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The hi-hat is the timekeeper of the drum kit, and depending upon the player and the arrangement it can be a signature of a song. Let's look at how we can EQ the hat to make it sound clean and crisp. First thing to remember is that, all hi -hats don't sound the same and that's because of the thickness. Usually studio players tend to get really thin hi-hats. And those sound clean and crisp and usually really good under a microphone. But the problem is they never last if you play live with them because they break and that's why most players will have heavier cymbals.
Now the heavier cymbals will last a lot longer but they don't sound nearly as good under a microphone and tend to clang a little bit. So we can help that with a little bit of EQ. So let's listen to what that sounds like. Concentrate on the hi-hat because we'll hear the entire drum kit. (Music playing) Let's listen to the hi-hat soloed. (Music playing) So take notice of the leakage there.
We hear a lot of kick drum and we hear a lot of the snare drum. So let's go to our EQ plug-ins and once again we will go our trusty native 4-Band EQ. The first thing we are going to do is add a high-pass filter. And the high-pass filter is important because what it will do is it will get rid of a lot of frequencies that we don't need and usually those frequencies are down below 200, 400 cycles, even more. The hi-hat is mostly high frequencies. That's what the ear wants to hear there and anything that's kind of below 200 cycles or so just doesn't register and it just clutters up the mix.
So I want to get rid of that. A way to do that is we add the high- pass filter and near about 12 dB per octave or so and let's bring this up to 200 Hz or so, have a listen from there. (Music playing) Now let's listen with the Bypass and listen to the kick drum. (Music playing) Now let's listen with the filter in. (Music playing) The kick is really attenuated as soon as we get rid of those low frequencies and actually take a notice that we can go pretty drastic here with the high-pass filter and bring it up to even 1K.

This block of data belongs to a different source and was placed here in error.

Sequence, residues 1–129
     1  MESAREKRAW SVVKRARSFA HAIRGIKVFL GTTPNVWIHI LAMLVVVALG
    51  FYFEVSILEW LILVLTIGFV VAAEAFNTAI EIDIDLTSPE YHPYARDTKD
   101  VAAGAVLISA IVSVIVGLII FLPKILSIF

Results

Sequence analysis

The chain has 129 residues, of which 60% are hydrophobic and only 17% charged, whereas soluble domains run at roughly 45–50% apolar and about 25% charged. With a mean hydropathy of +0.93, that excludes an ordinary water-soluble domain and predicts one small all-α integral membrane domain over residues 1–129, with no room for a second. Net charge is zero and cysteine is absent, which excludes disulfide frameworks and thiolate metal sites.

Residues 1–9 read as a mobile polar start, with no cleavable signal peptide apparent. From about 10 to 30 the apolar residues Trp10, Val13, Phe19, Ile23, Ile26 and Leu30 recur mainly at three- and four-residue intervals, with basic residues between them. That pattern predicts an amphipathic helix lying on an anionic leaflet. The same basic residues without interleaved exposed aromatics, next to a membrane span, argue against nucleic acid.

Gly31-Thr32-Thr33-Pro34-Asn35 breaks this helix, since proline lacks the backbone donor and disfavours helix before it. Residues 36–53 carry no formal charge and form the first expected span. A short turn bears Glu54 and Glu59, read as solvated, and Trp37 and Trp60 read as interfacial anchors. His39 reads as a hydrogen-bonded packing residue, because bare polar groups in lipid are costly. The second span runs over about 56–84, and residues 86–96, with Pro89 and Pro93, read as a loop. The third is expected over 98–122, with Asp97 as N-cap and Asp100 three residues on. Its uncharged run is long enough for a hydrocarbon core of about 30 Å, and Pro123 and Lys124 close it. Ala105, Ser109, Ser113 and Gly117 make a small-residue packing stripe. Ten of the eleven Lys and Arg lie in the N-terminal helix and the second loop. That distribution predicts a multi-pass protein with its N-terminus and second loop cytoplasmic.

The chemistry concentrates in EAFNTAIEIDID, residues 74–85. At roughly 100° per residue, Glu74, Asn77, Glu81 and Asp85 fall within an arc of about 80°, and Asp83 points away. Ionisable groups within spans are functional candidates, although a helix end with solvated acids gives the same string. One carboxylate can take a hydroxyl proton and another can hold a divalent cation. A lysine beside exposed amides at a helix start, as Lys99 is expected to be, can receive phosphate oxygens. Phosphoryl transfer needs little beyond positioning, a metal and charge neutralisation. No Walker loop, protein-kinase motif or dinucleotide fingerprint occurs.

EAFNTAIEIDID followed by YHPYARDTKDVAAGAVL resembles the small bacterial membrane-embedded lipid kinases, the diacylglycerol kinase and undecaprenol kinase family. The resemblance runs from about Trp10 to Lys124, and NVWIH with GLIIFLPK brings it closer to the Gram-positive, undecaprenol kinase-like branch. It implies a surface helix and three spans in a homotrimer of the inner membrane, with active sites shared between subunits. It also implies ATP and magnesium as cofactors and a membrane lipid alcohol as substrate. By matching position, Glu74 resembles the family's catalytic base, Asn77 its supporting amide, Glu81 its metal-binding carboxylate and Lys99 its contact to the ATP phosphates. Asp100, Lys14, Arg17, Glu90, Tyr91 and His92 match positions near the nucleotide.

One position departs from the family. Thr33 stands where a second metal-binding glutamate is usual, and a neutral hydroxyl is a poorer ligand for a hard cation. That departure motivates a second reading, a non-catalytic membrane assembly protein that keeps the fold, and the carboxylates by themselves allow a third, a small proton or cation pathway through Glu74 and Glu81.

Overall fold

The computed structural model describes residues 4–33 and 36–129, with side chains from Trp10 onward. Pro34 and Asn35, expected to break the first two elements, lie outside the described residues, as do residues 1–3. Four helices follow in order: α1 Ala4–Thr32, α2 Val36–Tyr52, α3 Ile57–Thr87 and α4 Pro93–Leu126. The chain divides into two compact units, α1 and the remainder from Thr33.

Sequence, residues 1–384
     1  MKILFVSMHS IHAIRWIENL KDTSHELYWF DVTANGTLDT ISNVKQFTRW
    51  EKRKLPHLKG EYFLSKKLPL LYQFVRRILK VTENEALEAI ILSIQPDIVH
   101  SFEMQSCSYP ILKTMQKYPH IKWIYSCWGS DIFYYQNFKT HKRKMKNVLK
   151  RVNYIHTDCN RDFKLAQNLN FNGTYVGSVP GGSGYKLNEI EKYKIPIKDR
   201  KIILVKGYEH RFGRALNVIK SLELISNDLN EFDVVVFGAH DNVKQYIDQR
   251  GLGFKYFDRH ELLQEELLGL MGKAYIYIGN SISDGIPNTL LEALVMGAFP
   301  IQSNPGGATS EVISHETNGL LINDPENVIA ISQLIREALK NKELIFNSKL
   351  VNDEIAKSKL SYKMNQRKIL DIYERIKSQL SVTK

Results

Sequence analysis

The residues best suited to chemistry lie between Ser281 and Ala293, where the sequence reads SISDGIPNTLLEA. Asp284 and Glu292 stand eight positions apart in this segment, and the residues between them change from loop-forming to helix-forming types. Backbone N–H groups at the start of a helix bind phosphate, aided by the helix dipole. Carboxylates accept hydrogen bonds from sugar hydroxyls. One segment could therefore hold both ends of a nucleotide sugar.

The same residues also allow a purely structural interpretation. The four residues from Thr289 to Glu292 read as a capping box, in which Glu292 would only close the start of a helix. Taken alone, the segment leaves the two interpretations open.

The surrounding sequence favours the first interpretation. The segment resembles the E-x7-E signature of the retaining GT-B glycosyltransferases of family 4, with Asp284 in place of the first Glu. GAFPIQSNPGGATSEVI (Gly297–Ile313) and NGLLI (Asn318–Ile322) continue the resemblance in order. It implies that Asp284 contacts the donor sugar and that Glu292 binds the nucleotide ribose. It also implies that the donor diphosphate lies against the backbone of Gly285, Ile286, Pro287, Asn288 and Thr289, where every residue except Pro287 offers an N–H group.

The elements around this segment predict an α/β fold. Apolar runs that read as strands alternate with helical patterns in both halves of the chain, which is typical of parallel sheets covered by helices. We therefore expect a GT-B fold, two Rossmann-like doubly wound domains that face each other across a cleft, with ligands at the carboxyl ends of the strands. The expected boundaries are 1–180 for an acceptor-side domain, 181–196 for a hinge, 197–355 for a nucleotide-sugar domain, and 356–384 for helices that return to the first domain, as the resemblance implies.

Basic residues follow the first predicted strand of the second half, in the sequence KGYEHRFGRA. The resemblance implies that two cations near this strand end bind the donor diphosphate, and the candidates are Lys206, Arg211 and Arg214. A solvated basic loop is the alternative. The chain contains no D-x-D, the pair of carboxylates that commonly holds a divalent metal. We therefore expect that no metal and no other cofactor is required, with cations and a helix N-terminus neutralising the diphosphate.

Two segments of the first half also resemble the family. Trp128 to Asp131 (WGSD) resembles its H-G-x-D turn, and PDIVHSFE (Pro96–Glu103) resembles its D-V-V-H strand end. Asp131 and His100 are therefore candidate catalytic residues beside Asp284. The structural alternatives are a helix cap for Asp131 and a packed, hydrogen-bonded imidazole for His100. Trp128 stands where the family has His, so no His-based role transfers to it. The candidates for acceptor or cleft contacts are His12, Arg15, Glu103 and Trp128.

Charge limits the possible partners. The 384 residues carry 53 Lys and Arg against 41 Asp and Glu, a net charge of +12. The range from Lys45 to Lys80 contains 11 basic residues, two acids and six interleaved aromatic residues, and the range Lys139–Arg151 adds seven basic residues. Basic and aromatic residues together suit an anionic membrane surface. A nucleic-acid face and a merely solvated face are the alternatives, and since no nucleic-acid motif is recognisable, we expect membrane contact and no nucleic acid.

And it doesn't affect the sound of the hi-hat all that much. (Music playing) Let's listen in the track, listen what happens. (Music playing) And now let me Bypass it, have a listen. (Music playing) And watch when we put the EQ in. (Music playing) Here, we get rid of a lot of leakage and it sounds pretty crisp as a result.
I wouldn't go quite up to 1K. I would probably put it at 400, 500 in a Hz there. It is about right. Let's have a listen. (Music playing) And you can hear that the Kick drum is pretty attenuated at that. Once again we are getting rid with a lot of frequencies that don't really add anything to the sound of the hi-hat to begin with. The next thing we are going to do is add a little crispness to it and the crispness and sparkle comes from somewhere between 8 to 12 K or so, and once again it really depends on the sound to begin with. We'll just start at 10K and we are going to exaggerate it here so you can hear it so, we will go to 6dB, have a listen.
(Music playing) Let's listen to some Bypass. (Music playing) I may even come down a little bit a K or so. (Music playing) Let's listen to the track.
(Music playing) And of course, the sound of the hat is filled in through the leakage of all the other drum mikes. So in fact, it never sounds as crisp and clean as when it's soloed, but even so, you can hear just what you need, you can increase definition and that's what we are looking for. So that's how to EQ the hi-hat. Remember that there is not a lot of low frequencies to the sound of the hi-hat, so you can get rid of a lot of the leakage by using a high-pass filter to filter out the bottom end.
Also remember that sparkle from the cymbal comes from around 8 to 10 K.
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